The Columbus Fire Station No. 35 project is small, but its significance makes it one of the most important projects this year for the region’s union construction industry, including Heat and Frost Insulators and Allied Workers Local 50.
On Oct. 17, the first City of Columbus project built under a Community Benefits Agreement began.
A Community Benefits Agreement (CBA) is similar to a Project Labor Agreement, but is a contract between a developer and organization(s) who represent the interests of residents. The agreement spells out the benefits the community will receive in return for supporting the developer’s project in their neighborhood. CBAs often include benefits such as guaranteed minimums for hiring local residents, minorities and women. It could also include language such as the development or improvement of parks or community facilities.
Community Benefits Agreements can help ensure more equitable development, enabling existing residents to benefit from new activity and opportunities in neighborhoods threatened by gentrification and displacement.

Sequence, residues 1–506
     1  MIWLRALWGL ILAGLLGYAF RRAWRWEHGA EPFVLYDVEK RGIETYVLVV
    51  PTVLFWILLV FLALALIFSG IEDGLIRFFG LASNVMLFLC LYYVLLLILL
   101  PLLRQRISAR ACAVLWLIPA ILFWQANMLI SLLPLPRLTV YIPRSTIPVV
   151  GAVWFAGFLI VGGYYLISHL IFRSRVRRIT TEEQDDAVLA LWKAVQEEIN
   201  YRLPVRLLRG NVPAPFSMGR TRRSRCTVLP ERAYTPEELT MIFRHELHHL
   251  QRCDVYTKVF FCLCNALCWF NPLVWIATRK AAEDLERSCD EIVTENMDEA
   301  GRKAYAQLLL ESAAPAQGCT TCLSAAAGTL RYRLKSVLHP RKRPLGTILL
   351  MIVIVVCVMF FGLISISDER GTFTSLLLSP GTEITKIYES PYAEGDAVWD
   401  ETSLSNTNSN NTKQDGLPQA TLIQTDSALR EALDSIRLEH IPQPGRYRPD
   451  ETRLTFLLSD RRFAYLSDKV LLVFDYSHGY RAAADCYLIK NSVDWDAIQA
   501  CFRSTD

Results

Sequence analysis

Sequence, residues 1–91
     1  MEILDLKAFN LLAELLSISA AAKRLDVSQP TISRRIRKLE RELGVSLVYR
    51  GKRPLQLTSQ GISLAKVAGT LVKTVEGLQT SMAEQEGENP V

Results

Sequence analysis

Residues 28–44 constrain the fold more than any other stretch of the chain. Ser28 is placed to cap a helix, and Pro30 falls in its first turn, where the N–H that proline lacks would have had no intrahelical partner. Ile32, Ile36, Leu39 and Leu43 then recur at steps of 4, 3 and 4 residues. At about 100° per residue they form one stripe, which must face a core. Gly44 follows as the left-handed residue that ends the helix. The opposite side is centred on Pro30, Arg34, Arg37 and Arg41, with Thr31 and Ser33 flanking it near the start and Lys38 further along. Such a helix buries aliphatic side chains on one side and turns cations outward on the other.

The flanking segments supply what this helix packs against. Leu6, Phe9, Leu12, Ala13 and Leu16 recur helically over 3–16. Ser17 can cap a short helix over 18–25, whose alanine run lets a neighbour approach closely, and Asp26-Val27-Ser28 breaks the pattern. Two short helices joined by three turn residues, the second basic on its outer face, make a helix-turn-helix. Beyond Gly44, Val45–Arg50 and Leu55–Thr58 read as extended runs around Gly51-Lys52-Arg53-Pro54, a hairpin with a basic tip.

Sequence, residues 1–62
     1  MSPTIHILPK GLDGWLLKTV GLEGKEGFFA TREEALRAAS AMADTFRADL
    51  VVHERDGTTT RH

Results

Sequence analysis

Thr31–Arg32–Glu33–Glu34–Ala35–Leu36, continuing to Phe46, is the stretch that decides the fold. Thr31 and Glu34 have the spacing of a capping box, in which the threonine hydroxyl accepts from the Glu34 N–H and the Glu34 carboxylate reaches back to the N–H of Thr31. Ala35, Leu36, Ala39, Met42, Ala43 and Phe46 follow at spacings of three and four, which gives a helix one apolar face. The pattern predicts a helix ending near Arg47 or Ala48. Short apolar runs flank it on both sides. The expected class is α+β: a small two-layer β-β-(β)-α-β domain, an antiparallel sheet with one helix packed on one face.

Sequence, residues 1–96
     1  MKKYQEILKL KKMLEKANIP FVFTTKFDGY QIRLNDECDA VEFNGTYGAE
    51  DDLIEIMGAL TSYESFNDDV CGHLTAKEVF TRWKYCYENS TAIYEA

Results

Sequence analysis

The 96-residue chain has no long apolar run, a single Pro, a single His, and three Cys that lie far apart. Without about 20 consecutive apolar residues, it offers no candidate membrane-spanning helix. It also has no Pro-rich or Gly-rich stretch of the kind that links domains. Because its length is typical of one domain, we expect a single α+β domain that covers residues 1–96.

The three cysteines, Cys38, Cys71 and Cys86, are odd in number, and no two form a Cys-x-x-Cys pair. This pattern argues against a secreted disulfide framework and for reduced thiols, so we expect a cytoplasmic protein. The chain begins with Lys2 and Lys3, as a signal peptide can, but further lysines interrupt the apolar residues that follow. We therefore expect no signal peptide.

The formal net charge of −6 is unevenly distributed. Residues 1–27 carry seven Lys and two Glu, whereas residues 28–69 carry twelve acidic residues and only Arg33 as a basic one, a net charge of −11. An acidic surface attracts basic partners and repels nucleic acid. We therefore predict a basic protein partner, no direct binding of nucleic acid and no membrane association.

In this instance, the CBA will ensure skilled tradesmen and tradeswomen who live in or around Franklin County must complete at least 25 percent of total project work hours. Additionally, Columbus residents must complete 20 percent or more of the total project work hours.
For the members of Insulators Local 50 who work on this project, it will ensure they earn great wages and great benefits as they properly jacket mechanical systems with insulation.
The new 26,750-square-foot fire station will create 50-70 jobs for building trades members, including a few for members of Insulators Local 50.
The cost of the project is estimated to be $12 million due to additional safety features added by the City and an increase in the cost of materials.